The graffiti at the Al Rashid Mosque was reported Monday and the hate crimes and violent extremism unit is investigating, a police spokesperson said in an email to CBC News Tuesday.
The vandalism — the latest in a string of high-profile incidents at the north Edmonton mosque — has worshippers urging the community to speak out against increasingly bold acts of hatred.
"What we're coming to realize is that there are individuals that are really wanting to create some animosity between fellow Edmontonians," Sadique Pathan, the mosque's outreach imam, said Tuesday.
"We're coming to terms that this is not simply something that's going to pass us by. I think we're going to be facing more and more of this."
Pathan said the vandalism took place around 2:30 a.m. Saturday and was caught on the building's surveillance cameras. The footage, he said, has been shared with police.
Pathan said the mosque has become a lightning rod for hatred and discrimination. White nationalists of all stripes see the building as a symbol of what they hate and fear, he said.
"I think there are some who like to band around an issue of true nationalism.
"They don't accept those who don't share their views. And I think that somehow, the mosque has become a great lightning rod to unite all of them."
One of the images sprayed near the entry doors was "114," a symbol used by white supremacist hate groups.
What Pathan described as an "Aryan star," and an acronym referencing a conspiracy theory that former US president Barack Obama was a practicing Muslim were also painted on the pillars flanking the main entrance.
It's unnerving to see the place of worship targeted, Pathan said.
"There [are] obviously those in the community that have already suffered racism and discrimination so the one place, a safe place, that they look to is a place of worship."
Pathan said he worries the Al Rashid Mosque, Canada's first mosque, is becoming a target for increased animosity.
"I think earlier on we just thought that it would just go away. We've come to learn that these movements or these expressions don't move away if you dismiss them.
"I hope that this is something that builds into something even greater than the mosque in that we develop less tolerance for these things ... and we are going to call it out each and every time."
The mosque has been repeatedly targeted. In May, a man recorded himself in a series of videos staking out the mosque. In the videos, he described the Muslim holy month of Ramadan as a "bombathon," and appeared to be monitoring the movements of worshippers while eating a ham sandwich.
In January 2019, security video recorded two men — both with ties to far-right Islamophobic hate groups — enter Al Rashid mosque as worshippers arrived for Friday prayers. The men later got into a confrontation with community members outside and streamed it on social media.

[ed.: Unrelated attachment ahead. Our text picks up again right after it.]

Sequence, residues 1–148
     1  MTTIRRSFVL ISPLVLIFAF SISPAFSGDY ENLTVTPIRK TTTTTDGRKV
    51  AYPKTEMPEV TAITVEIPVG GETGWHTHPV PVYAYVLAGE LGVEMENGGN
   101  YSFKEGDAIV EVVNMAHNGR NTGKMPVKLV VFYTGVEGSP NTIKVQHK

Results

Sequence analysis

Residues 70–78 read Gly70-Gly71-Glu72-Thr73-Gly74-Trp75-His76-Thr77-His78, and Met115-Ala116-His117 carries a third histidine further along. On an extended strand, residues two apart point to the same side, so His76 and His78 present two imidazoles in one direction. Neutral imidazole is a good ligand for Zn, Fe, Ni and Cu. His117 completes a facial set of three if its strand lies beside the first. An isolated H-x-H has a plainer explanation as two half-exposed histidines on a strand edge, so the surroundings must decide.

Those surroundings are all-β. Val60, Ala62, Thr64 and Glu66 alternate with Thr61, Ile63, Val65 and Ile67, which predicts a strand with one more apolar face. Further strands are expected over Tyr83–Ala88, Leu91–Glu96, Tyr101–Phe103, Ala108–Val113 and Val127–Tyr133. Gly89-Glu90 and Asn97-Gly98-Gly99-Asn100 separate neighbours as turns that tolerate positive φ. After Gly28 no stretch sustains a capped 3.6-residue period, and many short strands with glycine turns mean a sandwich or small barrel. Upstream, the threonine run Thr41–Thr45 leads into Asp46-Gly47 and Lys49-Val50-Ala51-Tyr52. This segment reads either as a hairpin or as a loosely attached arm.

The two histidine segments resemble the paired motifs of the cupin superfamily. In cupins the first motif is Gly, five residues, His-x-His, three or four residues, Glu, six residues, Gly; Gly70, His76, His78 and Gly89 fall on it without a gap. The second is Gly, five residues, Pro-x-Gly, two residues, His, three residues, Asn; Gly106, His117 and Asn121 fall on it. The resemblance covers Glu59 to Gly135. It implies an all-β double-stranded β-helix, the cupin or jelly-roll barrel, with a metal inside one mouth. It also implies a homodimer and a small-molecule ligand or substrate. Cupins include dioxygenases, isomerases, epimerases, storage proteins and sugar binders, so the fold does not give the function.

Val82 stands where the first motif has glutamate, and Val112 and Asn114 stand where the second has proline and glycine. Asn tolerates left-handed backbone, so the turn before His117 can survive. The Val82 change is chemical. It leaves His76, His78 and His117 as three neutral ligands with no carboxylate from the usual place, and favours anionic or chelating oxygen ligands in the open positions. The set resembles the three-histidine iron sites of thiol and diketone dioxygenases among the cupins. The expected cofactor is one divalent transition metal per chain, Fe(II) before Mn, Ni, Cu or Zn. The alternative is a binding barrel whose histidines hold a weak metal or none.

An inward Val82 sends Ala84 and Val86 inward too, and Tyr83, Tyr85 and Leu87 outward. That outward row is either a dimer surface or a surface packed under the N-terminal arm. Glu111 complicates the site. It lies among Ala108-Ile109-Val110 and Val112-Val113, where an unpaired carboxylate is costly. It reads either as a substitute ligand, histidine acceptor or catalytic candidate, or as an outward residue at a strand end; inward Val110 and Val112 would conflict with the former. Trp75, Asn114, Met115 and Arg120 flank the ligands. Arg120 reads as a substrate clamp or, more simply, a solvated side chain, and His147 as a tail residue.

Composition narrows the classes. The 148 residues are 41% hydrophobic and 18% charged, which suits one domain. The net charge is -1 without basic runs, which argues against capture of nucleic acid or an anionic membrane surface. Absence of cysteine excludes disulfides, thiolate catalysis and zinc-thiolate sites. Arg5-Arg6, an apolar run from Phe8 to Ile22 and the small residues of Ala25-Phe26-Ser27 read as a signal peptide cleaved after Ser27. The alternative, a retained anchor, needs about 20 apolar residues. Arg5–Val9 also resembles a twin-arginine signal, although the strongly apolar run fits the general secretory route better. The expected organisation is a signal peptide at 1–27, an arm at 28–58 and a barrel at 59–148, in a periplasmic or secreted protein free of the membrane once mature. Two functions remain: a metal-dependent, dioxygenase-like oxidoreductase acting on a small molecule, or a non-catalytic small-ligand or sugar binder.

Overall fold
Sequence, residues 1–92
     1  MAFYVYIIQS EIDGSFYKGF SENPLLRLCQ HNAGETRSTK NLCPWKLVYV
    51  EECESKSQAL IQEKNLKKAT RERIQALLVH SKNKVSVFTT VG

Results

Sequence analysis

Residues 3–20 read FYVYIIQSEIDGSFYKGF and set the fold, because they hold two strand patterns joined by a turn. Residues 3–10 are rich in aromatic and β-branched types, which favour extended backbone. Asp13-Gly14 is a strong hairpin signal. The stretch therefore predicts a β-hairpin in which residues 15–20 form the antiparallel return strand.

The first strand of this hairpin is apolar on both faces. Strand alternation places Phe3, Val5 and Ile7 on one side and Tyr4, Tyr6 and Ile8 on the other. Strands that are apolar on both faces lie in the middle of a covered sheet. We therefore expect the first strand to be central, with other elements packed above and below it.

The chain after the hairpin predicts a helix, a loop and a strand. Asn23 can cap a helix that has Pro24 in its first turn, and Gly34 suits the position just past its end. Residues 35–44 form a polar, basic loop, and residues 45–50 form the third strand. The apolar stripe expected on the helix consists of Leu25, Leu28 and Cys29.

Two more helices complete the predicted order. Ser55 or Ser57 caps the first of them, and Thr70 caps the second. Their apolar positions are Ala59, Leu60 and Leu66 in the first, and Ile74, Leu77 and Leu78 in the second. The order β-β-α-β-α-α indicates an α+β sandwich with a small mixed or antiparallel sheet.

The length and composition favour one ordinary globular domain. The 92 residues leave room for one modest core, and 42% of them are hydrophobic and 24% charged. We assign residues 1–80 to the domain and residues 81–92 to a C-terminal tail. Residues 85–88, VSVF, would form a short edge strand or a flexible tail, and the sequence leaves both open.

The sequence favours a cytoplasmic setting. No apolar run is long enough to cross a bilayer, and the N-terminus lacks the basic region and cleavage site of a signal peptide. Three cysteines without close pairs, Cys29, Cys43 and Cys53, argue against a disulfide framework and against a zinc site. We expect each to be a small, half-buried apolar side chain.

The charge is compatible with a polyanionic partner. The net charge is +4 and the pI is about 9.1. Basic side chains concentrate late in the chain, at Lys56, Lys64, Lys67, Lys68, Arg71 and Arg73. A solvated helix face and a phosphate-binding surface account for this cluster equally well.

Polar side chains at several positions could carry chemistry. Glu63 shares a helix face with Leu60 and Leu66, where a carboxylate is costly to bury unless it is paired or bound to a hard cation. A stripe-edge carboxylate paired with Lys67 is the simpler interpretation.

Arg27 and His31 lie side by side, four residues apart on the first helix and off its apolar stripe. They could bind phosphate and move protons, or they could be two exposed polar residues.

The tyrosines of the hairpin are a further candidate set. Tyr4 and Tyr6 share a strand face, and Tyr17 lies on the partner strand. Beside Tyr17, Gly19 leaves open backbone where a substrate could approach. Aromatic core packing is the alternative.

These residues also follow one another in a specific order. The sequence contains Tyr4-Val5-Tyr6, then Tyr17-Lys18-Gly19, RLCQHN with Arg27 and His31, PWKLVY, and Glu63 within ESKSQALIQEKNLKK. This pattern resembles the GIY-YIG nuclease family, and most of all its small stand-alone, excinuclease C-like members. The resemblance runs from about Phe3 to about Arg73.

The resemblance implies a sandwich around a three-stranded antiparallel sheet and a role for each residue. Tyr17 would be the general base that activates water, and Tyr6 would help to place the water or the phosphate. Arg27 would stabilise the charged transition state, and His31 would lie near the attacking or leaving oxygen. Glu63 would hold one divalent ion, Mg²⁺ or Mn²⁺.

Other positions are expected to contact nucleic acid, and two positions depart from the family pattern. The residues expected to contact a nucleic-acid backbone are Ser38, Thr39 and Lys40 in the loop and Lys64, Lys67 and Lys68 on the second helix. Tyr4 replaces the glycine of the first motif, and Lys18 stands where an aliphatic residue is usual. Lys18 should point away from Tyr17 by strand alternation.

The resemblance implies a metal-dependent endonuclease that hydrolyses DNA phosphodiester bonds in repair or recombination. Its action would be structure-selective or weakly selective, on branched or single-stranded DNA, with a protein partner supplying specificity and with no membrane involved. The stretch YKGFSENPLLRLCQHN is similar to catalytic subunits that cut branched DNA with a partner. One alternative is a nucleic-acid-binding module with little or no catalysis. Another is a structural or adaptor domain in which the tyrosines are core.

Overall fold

Noor Al-Henedy, communications director for the mosque, said the vandalism comes at a particularly difficult time.
People find comfort in their faith and as the pandemic continues, people need that relief now more than ever.
"It's a very unfortunate event," Al-Henedy said. "Especially right now, it's very disappointing because we are supposed to be coming together to help each other come out of the COVID crisis."
Al-Henedy said she believes the pressures of the pandemic may be feeding hate and discrimination.
"People cope differently in hard situations," she said. "Some of us come closer together and some of us try to find a person to blame, or a culture to blame, or a religion to blame."
Security guards are often present for prayers and large events but Al-Henedy said the mosque is reluctant to clamp down on community access.
"This is a hub for everybody," she said. "It's not a place that you can just close. It's not that simple.
"No community wants to live life that way, where they need to be scared at every corner. And we do believe from the bottom of our hearts that we do have the support of our community."
She said the incident is a reminder that public education about Islam is still needed.
'Sense of sadness'
Syed Moiz has been part of the mosque community for more than three years.
Between his daily prayers and regular volunteer work he spends more time at the mosque than he does at home, he said.
The vandalism was senseless and painful, Moiz said. He said it left him feeling violated.
"It's like you come home and see your house was robbed. You see spray paint all over this mosque and it's saddening.
"I was really disheartened about it and a lot of people in the community were disheartened too.
"We all felt it, that sense of sadness."
Pathan said the mosque community has only grown stronger in the face of discrimination.
"Our faith invites us and encourages us to stand for social justice and equality. And in this way we're able to take this on with open arms."
Source: CBC News